- a disorder in which the bones become increasingly porous, brittle, and subject to fracture, owing to loss of calcium and other mineral components, sometimes resulting in pain, decreased height, and skeletal deformities: common in older persons, primarily postmenopausal women, but also associated with long-term steroid therapy and certain endocrine disorders.
- porosity and brittleness of the bones due to loss of calcium from the bone matrix
n.1846, from osteo- + stem of Greek poros “passage, pore, voyage” (see pore (n.)) + -osis. Related: Osteoporotic. n. pl. os•te•o•po•ro•ses (-sēz)
- A disease characterized by decrease in bone mass and density, occurring especially in postmenopausal women, resulting in a predisposition to fractures and bone deformities such as vertebral collapse.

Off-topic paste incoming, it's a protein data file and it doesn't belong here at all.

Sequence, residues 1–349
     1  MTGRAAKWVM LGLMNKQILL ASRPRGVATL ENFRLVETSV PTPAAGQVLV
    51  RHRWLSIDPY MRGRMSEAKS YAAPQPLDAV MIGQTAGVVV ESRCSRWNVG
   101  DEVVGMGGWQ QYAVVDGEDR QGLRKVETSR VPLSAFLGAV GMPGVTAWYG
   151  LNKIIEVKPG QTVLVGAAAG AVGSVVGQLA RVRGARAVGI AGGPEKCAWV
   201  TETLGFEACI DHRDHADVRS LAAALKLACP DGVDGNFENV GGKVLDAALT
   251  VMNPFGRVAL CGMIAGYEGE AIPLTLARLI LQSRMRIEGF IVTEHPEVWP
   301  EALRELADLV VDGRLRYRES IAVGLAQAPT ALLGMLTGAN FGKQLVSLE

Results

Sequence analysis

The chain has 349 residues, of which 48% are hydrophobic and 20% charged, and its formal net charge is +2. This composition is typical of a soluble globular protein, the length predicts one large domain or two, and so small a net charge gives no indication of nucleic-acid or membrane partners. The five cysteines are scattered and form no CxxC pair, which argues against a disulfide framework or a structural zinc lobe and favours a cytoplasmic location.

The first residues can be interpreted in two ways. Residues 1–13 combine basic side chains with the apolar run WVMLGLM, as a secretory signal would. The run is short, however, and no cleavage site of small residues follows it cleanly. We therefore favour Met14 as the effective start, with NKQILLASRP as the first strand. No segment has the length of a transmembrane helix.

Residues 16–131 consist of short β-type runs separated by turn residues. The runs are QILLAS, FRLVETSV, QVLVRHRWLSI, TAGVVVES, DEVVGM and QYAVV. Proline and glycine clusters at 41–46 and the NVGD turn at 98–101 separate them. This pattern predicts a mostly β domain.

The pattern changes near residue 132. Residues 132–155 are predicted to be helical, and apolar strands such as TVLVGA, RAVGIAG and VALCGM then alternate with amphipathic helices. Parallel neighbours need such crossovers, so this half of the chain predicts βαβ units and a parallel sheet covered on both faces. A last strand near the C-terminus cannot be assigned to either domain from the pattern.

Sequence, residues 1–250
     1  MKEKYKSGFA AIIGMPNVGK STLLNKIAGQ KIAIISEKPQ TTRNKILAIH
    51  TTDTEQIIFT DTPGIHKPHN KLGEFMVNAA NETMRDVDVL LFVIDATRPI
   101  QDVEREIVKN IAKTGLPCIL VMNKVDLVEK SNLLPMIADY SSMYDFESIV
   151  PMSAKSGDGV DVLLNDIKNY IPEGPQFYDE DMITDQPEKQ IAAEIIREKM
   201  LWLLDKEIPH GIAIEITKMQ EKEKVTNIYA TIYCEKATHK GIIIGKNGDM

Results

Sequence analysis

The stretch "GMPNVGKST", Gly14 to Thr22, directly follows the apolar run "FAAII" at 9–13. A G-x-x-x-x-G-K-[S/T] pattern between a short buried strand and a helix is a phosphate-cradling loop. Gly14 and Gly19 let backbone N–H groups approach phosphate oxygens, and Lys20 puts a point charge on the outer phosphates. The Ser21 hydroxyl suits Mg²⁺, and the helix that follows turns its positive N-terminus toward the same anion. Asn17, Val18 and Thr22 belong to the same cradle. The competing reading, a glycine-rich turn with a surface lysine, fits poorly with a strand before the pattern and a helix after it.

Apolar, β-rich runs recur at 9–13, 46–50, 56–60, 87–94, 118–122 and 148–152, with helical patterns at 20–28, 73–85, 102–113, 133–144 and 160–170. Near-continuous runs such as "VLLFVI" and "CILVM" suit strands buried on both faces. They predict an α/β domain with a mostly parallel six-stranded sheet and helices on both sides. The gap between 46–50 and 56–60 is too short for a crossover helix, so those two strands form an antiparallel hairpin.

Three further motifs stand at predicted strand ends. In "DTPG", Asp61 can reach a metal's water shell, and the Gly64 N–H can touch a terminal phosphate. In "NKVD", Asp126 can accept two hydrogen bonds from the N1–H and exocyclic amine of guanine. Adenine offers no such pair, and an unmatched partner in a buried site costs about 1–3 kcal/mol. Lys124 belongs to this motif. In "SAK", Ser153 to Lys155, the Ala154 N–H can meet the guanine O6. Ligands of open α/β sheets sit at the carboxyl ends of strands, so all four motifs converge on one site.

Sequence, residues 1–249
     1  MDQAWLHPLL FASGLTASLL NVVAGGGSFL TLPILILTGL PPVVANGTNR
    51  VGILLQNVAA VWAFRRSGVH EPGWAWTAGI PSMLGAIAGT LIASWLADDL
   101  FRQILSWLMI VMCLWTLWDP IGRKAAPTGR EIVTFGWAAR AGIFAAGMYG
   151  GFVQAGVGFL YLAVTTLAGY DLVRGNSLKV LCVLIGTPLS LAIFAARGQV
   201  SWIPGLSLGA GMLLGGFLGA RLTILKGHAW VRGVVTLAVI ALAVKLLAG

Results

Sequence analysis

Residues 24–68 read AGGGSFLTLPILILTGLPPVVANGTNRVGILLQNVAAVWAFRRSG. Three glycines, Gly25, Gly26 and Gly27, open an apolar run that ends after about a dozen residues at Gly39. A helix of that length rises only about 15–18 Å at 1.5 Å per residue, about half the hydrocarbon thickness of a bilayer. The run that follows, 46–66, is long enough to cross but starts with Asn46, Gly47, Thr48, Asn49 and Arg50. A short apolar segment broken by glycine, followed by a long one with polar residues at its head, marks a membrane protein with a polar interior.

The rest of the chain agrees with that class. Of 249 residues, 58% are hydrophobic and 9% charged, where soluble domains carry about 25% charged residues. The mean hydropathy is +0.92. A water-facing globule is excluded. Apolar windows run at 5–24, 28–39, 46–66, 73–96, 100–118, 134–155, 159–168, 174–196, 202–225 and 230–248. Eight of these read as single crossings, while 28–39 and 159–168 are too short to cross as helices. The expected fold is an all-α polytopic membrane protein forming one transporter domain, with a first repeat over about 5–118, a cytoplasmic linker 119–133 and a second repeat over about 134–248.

- A bone disease characterized by decrease in bone mass and density, resulting in a predisposition to fractures and bone deformities such as the collapse of one or more vertebrae. It occurs most commonly in women after menopause as a result of estrogen deficiency. Calcium supplementation and weight-bearing exercise are used to treat and prevent osteoporosis.
A softening of the bones that gradually increases and makes them more fragile. It is caused by the gradual loss of the mineral calcium, which helps make bones hard. Osteoporosis occurs most often in elderly women.